What is Car Siding – Cost, Benefits & Installation Tips

what is car siding

Car siding is a popular type of siding used for interior and exterior applications.

It comes in a variety of different styles, from a tongue-and-groove pattern to reversible patterns.

Car siding has a V-groove found in the middle of the board and the board is usually around one inch by eight inches.

Because of that V-groove in the middle, just one board will give the appearance of a narrower one measuring around one inch by four inches.

Once it is installed on the wall, it can be seen more clearly.

You can find the tongue and groove pattern for use on ceiling and wall applications, and its versatility extends to its appearance, so you can find the one that best suits your style.

Board Structure & Benefits

The tongue and groove patterns are easy to recognize and offer a cottage-style appearance.

It has a wide width, and because of the V-groove, it looks like two boards. Usually, the siding is available in 6-, 8-, 10-, 12- or 16-inch sizes.

Car siding is commonly used by homeowners these days, making it readily available at local and online stores.

Its versatility is among the biggest benefits that car siding has to offer. There are various other reasons to opt for car siding, such as:

1- Greater stability

Usually, car siding is made using kiln-dried wood.

Kiln drying is a method that provides greater stability and firmness to the wood to extend its life as long as possible.

2- Better quality

Wall siding is used for both wall protection and aesthetic reasons, so the quality of the wood is important.

With car siding, you are usually free from defects that make it hard to work with and instead have uniform grain patterns and tight knots.

3- More flexibility

It is worth mentioning that many individuals confuse car siding with shiplap though they are two different things; once installed, they look similar to one another so it can be difficult to tell the difference.

Shiplap and car siding are both good for use vertically and horizontally, letting you decide which installation route is best for your project.

How Do You Install Car Siding?

If you want to install your tongue and groove siding vertically, it’s best to apply it from the bottom to the top.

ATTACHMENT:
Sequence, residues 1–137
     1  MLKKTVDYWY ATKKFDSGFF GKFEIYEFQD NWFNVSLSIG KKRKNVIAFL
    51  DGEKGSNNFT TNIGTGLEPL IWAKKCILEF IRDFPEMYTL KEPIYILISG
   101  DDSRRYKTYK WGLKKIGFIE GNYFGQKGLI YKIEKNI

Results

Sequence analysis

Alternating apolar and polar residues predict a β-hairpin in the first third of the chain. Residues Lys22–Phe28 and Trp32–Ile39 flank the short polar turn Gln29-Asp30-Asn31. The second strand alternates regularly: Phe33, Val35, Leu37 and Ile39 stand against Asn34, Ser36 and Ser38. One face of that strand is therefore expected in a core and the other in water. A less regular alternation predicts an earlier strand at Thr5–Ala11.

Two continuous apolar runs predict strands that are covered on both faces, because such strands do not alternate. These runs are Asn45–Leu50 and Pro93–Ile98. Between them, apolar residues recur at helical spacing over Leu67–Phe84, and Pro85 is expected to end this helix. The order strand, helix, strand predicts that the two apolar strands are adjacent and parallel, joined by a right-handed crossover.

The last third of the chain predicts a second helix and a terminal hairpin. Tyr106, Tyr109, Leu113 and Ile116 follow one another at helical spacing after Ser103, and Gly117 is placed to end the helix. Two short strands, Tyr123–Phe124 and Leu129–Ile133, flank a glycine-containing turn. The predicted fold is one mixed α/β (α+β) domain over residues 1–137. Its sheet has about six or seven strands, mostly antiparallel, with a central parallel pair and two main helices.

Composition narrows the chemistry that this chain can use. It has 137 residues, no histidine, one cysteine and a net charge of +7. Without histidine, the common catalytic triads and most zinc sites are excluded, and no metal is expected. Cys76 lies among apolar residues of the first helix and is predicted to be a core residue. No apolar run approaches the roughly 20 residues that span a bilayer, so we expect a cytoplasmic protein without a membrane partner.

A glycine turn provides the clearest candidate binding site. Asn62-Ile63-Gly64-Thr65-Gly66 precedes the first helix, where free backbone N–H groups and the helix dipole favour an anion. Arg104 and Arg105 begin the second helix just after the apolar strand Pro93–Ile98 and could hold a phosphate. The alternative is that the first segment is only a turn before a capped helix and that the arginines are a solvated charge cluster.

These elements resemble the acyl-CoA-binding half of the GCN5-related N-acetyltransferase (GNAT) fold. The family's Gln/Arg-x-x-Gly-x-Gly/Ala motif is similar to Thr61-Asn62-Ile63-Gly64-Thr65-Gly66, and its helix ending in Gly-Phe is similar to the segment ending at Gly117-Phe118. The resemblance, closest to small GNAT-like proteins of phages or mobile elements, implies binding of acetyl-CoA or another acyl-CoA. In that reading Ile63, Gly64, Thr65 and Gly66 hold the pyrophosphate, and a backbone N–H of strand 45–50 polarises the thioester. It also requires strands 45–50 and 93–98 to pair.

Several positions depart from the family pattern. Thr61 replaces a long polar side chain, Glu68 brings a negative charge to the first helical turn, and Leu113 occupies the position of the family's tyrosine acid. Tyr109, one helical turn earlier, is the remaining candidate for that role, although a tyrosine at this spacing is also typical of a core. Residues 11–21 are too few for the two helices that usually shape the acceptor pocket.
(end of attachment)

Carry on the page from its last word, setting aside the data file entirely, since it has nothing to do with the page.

Be sure the face of the groove’s edges is facing the bottom to ensure no water or dust accumulates.

If you are installing it horizontally, begin from left to right and work with the grooved edge at the front.

You can choose the nails to be used based on the thickness of the siding board.

Be sure 1.5-inch nails are properly placed into the support wall and apply the proper sealing during installation. Be sure to wear gloves and safety glasses as you work.

Which Wood is Used for Car Siding?

Wood car siding is particularly possible.

It has been used for quite a while because it is durable, stable, and easy to install.

However, not all kinds of wood are suitable for building car siding.

Cedar and pine are thought to be better for car siding.

Cedar is especially durable and stable and features natural rot-resistant properties that can keep it looking its best even in direct sunlight or inclement weather.

Pine tends to be more affordable, though it is less durable and not naturally rot-resistant.

If you use treated pine wood, it may be more expensive, but it will last longer.

How Much Does a Wooden Car Siding Cost?

When it comes to tongue and groove siding cost, the usual price of pine and cedar run between $2 and $7 per square foot.

You can choose these more expensive types of wood or cheaper wood car siding for an interior.

Regardless of the kind of wood, installing real wool usually costs around $6 to $12 but it can be different depending on where you live.

The cost of car siding depends on a few factors like the type of wood, location, and the quality of the wood.

Wood is graded on its quality as Grade A, B, C, and so forth.

Grade A wood is thought to be the best and has no knots or other defects.

Grade A is commonly used for exterior applications, as is Grade B since B has minimal knots and defects and costs less than Grade A wood. It is most commonly used for interior uses.

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